October 2018: All Fried Up With Nowhere To Go: My Stuff, My State, and now My Life. On Fire.

audrey wells


Photo credit: Tara Dodson, Bee Organized

I was at least three city blocks from my destination and I could see the billowy plumes of smoke rising ominously in the distance.

Three years of hauling way too many loads of antiquated relics to and from my stores — to and from The Warehouse and then back again, unless I was delivering.

Which meant I had ‘Made a Sale!’ — had sadly given me the ability to drive this route blindfolded. Which also meant there was no need for me to guess which building might be on fire.

Turning sharply off the main drag and into the freight yard — tires squealing, hell, barely braking — only to drive straight over god-knows-how-many fire-hoses stretched out long and flat like land snakes across the asphalt was very poor form and something I would apologize emphatically for. Later.

Impressively, the firefighters didn’t flee as I barreled by them, but instead waved their black fireproof-gloved hands and bulky bunker gear — helmets accenting even their Lego-Fireman silhouettes — screaming STOP! [You Crazy Bitch?]

But I also knew they didn’t know that it was MY building next up in line to burn to the ground, and they probably also didn’t know I really needed to help them save it.


There wasn’t time for coffee but the adrenalin made up for that.

To think, less than 20 minutes earlier I was in sleepwear, muddling my way through just another #ThrowBackThursday as I generally hashtag my social media posts on duller days.

But this was one of those October mornings when fall taps you right on your bare nose even as you try to hunker down and curl away, ultimately failing as its sharp, raw finger taps its first frosty alert: Winter is Here.

And it was CHILLY.

Noticeably! It was the first fall snap, and we’ve all been whining hot-house flowers here in The Sacramento Valley since spring. And on this brisk turn-of-the-weather morn I overslept happily in my cozy one-bedroom apartment while the homeless and less hopeful moved their camps indoors, wherever possible.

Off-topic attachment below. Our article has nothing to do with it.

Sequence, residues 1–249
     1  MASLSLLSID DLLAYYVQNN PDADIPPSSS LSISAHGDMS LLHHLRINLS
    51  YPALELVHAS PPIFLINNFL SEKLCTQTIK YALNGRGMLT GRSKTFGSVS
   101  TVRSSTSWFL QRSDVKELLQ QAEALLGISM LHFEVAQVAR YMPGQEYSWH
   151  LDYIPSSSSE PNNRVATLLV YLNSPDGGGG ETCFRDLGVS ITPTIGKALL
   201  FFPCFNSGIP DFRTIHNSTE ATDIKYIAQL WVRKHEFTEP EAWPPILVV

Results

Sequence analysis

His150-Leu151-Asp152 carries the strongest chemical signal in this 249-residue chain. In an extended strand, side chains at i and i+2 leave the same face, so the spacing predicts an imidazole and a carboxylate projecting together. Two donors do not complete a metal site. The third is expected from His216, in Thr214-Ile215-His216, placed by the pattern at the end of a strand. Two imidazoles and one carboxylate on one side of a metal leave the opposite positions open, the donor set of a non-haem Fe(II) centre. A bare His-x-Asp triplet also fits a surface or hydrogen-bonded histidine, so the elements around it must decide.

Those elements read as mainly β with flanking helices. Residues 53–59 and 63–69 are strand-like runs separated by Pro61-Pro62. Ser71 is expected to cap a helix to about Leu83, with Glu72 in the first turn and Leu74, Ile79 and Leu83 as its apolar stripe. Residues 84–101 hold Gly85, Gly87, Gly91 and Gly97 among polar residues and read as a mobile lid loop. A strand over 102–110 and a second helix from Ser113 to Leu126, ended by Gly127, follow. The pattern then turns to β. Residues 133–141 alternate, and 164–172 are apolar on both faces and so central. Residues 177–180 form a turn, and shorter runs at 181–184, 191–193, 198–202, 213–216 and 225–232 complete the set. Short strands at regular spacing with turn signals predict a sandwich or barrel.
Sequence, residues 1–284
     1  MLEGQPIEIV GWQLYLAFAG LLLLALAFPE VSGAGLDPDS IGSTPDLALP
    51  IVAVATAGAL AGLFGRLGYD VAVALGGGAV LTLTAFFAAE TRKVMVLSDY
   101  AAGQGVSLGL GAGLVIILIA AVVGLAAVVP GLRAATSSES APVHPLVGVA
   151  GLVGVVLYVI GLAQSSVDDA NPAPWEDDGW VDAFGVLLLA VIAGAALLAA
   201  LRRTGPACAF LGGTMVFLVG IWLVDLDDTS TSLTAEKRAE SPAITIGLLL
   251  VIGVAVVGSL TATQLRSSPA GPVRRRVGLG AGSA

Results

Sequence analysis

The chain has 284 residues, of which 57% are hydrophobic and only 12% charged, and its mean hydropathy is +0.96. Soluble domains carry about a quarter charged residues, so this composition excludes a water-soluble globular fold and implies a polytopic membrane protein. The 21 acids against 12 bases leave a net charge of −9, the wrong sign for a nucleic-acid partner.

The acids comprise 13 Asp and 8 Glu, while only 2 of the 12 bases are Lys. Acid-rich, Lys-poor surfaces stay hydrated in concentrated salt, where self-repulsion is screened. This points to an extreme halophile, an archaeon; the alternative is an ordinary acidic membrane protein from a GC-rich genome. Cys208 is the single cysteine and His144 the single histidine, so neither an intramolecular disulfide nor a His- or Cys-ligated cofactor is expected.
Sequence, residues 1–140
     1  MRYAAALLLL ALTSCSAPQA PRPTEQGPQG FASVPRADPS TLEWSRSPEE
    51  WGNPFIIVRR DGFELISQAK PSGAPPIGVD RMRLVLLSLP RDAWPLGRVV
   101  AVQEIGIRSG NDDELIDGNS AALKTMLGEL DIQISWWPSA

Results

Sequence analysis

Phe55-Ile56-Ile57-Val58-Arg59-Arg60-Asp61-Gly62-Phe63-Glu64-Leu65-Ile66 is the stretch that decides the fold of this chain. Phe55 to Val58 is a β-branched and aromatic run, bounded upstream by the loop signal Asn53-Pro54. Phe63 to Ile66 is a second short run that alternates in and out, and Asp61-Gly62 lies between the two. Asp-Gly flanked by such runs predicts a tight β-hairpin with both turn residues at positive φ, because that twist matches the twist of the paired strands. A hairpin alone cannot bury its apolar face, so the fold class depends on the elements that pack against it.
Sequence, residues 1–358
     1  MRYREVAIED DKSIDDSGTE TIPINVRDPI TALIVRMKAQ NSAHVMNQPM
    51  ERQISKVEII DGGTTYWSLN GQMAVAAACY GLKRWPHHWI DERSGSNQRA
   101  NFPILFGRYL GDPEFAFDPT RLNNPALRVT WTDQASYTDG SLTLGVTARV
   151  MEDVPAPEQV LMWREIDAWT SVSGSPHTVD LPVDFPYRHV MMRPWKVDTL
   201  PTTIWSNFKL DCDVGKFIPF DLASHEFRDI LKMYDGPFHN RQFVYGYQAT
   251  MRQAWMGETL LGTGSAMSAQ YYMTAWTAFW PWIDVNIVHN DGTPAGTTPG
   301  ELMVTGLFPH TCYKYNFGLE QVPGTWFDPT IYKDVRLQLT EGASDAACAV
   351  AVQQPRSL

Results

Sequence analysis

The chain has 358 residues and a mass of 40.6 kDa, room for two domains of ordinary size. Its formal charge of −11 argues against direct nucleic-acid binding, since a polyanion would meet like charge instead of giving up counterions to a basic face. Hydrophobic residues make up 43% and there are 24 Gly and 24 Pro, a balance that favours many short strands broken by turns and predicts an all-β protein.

#S*%t! Happens

It was also the very same morning my iPhone slipped off my nightstand; or maybe I knocked it off accidentally after shoving books, night cream, and a tequila rocks glass out of the way to make room for my nightly, slightly burnt, piece of generously-buttered toast.

In fact, it slipped right off and way under, so it wasn’t until I was killing about one minute tops at my laptop, waiting for that first sip of hope (my morning Peet’s brew, dark and never decaf,) when onscreen pops a message, thanks to technology and the fancy tech miracles of iMessage.

Hey, I think I see your building on fire on the news right now, do you know anything about that?

And because I definitely didn’t know a thing about it but wanted to know more, yet couldn’t figure out why my phone was nowhere to be found and could feel my panic not helping the situation, after ransacking the one-bedroom and entire rest of my flat I ran downstairs (somehow resisting the urge to bang on my neighbor’s doors and yell FIRE! FIRE! FIRE! even though OUR building wasn’t on fire but mine was.)

#Panic Happens Too!

That’s just how crazy my thinking was right then, hoping my friend and downstairs neighbor (quite familiar with me and my stores and their 50-years of junk-slash-inventory) could help me find my fucking phone, since *Find My iPhone* is impossible for me to find, much less navigate, or wait for *iFinallyFuckingFoundIt* when my head is reeling, my heart is about to fly out of my chest, and my hands won’t stop shaking.

Tara, always-calm-in-a-crisis, not only helped me find my phone, she reminded me to throw something (like a jacket?) over my cotton pajamas (it was so cold out there but the fire would be hot, no?) and neither of us noticed I was still wearing my crocheted moccasins with the thin suede leather soles — which I’d have to ultimately toss out as they were the exact wrong footwear to be wearing when I walked through the aftermath of the Five-Alarm Fire that just happened to change the trajectory of my life that day.

And I hadn’t even had my coffee.

The End New Beginning. All at the same time and all on the same day.

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East coast roots—West coast spirit. "Tell the truth and shame the devil." ~ Françoise Rabelais Writer, artist, proprietress and antique peddler with reverence for the past and aspirations for the future.

Sacramento, CA

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